Developmentally, we progress from one level to the next. At each of the levels we have passed through in the course of our development there can be minor or major breakdowns and for each of these levels there are specific forms of therapy to address these breakdowns. Just as there is one or another therapy approach for the lower three levels, there are also some for the levels above. And in this case, these would be the higher forms of yoga, among others. Integralyoga also covers the lower levels. The Essence’ goes even further.

In what way does ‘The Essence’ go further?

The Essence is not limited to the philosophy of yoga and also includes psychological elements such as shadow work. In yoga, it is assumed that there is initially a separation between us and our actual being. Yoga is the process of dissolving this separation.
From an absolute point of view, however, this separation has never existed. The Essence – as the name suggests – works from the latter perspective.

Spirituality can be a resource for the highly sensitive. However, many spiritual paths may be less suitable. How do you see this and what do you think is important in your approach for highly sensitive people?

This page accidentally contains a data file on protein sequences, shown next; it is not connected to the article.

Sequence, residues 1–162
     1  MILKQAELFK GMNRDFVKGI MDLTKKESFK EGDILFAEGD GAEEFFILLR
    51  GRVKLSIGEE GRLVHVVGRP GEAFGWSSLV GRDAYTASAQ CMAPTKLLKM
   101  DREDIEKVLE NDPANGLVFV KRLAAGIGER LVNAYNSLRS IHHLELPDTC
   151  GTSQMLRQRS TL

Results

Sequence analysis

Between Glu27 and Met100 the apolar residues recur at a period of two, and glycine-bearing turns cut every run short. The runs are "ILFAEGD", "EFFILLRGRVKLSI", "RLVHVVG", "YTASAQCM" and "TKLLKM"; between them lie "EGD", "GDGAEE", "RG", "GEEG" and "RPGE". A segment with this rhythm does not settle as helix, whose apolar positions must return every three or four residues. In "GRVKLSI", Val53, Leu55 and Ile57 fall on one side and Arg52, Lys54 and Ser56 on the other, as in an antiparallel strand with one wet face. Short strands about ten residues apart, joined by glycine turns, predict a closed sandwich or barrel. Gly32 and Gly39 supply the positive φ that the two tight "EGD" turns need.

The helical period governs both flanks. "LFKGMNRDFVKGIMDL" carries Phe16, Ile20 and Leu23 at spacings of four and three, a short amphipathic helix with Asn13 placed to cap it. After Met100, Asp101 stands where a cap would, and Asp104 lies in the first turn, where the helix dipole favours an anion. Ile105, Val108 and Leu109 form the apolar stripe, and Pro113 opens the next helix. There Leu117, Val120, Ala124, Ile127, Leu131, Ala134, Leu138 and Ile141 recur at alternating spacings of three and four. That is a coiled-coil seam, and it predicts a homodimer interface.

I have already heard from therapists that many of the spiritual people they meet have too little grounding from their point of view. On the other hand, I notice that the people here in our country, compared to those in India, have too little grounding. So it is very understandable that people here are first of all interested in more celestiality and that is also good, because “celestiality” is what we lack the most. Many highly sensitive people already have contact with yoga and have heard about the rise of Kundalini, the rising energy in the body. What is far less known is that it is also important to bring the Kundalini energy back down to earth. In the Integralyoga of ‘The Essence’, from the beginning, both ends are applied at the same time. This is very gentle, extremely efficient and yet has fewer undesirable side effects than some other approaches. In this way, the student can always remain in control of the development process by deciding for him/herself how far to go. Our further progress is limited, among other things, by our psychological development and the degree of our devotion. These two factors form a good regulating mechanism.